Luo G, Garaas T, Pomplun M. Salient stimulus attracts focus of peri-saccadic mislocalization. Vision Res 2014;100:93-8.Abstract
Visual localization during saccadic eye movements is prone to error. Flashes shortly before and after the onset of saccades are usually perceived to shift towards the saccade target, creating a "compression" pattern. Typically, the saccade landing point coincides with a salient saccade target. We investigated whether the mislocalization focus follows the actual saccade landing point or a salient stimulus. Subjects made saccades to either a target or a memorized location without target. In some conditions, another salient marker was presented between the initial fixation and the saccade landing point. The experiments were conducted on both black and picture backgrounds. The results show that: (a) when a saccade target or a marker (spatially separated from the saccade landing point) was present, the compression pattern of mislocalization was significantly stronger than in conditions without them, for both black and picture background conditions, and (b) the mislocalization focus tended towards the salient stimulus regardless of whether it was the saccade target or the marker. Our results suggest that a salient stimulus presented in the scene may have an attracting effect and therefore contribute to the non-uniformity of saccadic mislocalization of a probing flash.
Cherfan DG, Melki SA. Corneal perforation by an astigmatic keratotomy performed with an optical coherence tomography-guided femtosecond laser. J Cataract Refract Surg 2014;40(7):1224-7.Abstract

UNLABELLED: We present a case of corneal perforation secondary to an intrastromal astigmatic keratotomy performed with an optical coherence tomography-guided femtosecond laser. The keratotomy was concomitant with cataract surgery and resulted in a flat anterior chamber prior to the start of lens extraction. Interrupted nylon sutures were placed to seal the keratotomy prior to phacoemulsification. Escape of cavitation bubbles into the anterior chamber or the liquid interface can alert the surgeon to the possibility of unintended perforation of the endothelium or the epithelium, respectively. FINANCIAL DISCLOSURE: Neither author has a financial or proprietary interest in any material or method mentioned.

Kim LA, Amarnani D, Gnanaguru G, Tseng WA, Vavvas DG, D'Amore PA. Tamoxifen toxicity in cultured retinal pigment epithelial cells is mediated by concurrent regulated cell death mechanisms. Invest Ophthalmol Vis Sci 2014;55(8):4747-58.Abstract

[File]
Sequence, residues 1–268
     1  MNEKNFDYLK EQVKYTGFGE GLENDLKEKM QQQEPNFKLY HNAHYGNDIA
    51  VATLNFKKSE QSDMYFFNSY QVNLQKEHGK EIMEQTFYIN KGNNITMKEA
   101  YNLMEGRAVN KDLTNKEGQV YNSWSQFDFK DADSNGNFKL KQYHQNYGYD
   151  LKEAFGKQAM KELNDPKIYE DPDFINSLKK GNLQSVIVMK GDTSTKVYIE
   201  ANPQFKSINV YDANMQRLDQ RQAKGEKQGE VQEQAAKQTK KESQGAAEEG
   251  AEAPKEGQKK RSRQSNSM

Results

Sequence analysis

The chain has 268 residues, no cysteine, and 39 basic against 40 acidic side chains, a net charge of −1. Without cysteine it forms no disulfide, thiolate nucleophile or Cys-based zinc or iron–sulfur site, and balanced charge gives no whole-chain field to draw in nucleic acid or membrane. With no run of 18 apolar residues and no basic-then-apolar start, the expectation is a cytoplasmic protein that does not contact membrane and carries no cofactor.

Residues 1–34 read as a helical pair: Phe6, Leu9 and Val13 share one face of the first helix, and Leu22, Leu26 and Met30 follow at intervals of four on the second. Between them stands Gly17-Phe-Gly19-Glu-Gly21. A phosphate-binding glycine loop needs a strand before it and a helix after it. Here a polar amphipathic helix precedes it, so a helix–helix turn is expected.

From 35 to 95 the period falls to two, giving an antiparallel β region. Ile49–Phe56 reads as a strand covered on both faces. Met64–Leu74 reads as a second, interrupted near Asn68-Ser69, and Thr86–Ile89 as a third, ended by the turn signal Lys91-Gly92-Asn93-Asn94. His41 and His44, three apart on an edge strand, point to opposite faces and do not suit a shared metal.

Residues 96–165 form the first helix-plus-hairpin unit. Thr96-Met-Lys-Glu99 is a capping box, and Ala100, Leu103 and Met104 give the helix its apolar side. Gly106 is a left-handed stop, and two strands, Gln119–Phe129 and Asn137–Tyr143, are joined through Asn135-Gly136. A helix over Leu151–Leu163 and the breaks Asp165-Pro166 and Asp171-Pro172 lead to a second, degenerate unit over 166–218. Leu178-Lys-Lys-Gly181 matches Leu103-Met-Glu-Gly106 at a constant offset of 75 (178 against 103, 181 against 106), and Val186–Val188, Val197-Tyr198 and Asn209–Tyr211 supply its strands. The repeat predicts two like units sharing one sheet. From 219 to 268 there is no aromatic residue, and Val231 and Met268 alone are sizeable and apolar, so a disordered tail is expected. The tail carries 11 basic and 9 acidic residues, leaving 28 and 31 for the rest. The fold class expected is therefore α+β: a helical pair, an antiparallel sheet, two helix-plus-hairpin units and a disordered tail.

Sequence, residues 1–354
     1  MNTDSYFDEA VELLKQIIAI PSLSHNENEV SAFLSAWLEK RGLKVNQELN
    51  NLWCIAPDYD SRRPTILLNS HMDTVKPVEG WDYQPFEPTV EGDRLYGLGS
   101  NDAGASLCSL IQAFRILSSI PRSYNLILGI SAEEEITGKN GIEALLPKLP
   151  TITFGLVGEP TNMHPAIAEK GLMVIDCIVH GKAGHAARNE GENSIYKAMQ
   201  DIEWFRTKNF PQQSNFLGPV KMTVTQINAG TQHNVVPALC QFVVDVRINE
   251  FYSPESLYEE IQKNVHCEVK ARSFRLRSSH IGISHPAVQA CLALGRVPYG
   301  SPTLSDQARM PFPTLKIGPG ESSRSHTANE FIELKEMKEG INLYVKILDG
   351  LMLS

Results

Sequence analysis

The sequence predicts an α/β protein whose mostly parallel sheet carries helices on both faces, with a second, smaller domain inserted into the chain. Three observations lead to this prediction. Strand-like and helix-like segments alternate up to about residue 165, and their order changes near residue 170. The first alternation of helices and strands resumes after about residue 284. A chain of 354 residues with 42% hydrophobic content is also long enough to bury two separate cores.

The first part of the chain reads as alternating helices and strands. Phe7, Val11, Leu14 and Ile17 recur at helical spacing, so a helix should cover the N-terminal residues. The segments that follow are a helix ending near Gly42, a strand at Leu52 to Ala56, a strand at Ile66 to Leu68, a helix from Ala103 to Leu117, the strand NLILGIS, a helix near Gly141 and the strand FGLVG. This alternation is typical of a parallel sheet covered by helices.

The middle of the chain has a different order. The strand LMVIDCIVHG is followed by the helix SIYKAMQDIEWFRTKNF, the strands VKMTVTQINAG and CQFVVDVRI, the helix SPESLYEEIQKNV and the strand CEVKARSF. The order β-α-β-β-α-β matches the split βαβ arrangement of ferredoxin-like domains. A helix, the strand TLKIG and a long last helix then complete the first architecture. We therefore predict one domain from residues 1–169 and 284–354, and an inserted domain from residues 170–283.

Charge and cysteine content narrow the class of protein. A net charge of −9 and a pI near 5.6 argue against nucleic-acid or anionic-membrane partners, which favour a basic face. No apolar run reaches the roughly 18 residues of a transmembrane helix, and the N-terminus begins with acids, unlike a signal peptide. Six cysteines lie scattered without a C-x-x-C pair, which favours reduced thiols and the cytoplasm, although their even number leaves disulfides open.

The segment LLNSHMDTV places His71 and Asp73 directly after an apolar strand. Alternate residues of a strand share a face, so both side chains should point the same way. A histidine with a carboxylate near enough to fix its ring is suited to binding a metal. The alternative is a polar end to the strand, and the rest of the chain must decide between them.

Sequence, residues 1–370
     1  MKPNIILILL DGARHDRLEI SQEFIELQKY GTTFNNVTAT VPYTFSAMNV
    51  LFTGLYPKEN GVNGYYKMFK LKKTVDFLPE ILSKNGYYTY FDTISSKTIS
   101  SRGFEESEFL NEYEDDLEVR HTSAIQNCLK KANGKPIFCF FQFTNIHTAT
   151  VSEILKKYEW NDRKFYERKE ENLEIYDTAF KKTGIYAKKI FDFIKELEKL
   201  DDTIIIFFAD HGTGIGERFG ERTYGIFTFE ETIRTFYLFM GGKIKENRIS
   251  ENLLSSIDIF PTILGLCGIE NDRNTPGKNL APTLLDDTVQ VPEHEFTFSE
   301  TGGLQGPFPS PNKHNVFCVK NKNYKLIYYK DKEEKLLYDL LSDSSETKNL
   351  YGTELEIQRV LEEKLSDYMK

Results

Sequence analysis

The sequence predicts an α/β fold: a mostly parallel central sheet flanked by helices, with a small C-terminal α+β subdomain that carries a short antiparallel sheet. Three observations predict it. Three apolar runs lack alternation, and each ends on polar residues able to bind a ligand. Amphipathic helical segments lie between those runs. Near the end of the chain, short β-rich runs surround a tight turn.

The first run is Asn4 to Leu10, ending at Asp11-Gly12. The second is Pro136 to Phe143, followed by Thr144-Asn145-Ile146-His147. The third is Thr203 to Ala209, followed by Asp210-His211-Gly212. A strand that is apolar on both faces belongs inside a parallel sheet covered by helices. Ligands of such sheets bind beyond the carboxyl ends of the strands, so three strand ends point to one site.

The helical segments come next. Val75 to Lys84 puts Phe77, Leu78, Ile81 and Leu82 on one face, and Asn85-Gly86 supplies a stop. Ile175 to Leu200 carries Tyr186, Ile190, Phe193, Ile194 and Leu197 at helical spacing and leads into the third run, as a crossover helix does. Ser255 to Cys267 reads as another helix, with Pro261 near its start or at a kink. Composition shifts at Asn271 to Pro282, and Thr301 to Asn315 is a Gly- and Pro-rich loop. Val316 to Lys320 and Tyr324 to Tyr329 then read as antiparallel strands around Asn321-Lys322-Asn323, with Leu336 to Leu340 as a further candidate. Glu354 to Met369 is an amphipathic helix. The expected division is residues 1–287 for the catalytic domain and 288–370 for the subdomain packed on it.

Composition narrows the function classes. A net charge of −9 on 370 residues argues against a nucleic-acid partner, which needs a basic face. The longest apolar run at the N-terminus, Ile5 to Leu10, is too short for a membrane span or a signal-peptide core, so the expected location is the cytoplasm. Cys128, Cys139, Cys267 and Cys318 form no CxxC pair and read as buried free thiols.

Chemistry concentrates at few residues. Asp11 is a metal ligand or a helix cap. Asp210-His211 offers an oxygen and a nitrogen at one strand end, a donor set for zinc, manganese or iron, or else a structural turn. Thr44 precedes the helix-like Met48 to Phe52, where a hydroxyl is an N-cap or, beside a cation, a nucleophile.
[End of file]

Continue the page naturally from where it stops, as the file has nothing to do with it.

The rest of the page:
PURPOSE: To evaluate the mechanism of tamoxifen-induced cell death in human cultured RPE cells, and to investigate concurrent cell death mechanisms including pyroptosis, apoptosis, and necroptosis. METHODS: Human RPE cells were cultured until confluence and treated with tamoxifen; cell death was measured by detecting LDH release. Tamoxifen-induced cell death was further confirmed by 7-aminoactinomycin D (7-AAD) and annexin V staining. Lysosomal destabilization was assessed using lysosomal-associated membrane protein-1 (LAMP-1) and acridine orange staining. The roles of lysosomal enzymes cathepsin B and L were examined by blocking their activity. Caspase activity was evaluated by caspase-1, -3, -8, and -9 specific inhibition. Cells were primed with IL-1α and treated with tamoxifen; mature IL-1β production was quantified via ELISA. Caspase activity was verified with the fluorochrome-labeled inhibitor of caspases (FLICA) probe specific for each caspase. Regulated cell necrosis or necroptosis was examined with 7-AAD and inhibition of receptor-interacting protein 1 (RIP1) kinase using necrostatin-1 (Nec-1). RESULTS: Cell death occurred within 2 hours of tamoxifen treatment of confluent RPE cells and was accompanied by lysosomal membrane permeabilization. Blockade of cathepsin B and L activity led to a significant decrease in cell death, indicating that lysosomal destabilization and cathepsin release occur prior to regulated cell death. Tamoxifen-induced toxicity was shown to occur through both caspase-dependent and caspase-independent cell death pathways. Treatment of RPE cells with caspase inhibitors and Nec-1 resulted in a near complete rescue from cell death. CONCLUSIONS: Tamoxifen-induced cell death occurs through concurrent regulated cell death mechanisms. Simultaneous inhibition of caspase-dependent and caspase-independent cell death pathways is required to protect cells from tamoxifen. Inhibition of upstream activators, such as the cathepsins, may represent a novel approach to block multiple cell death pathways.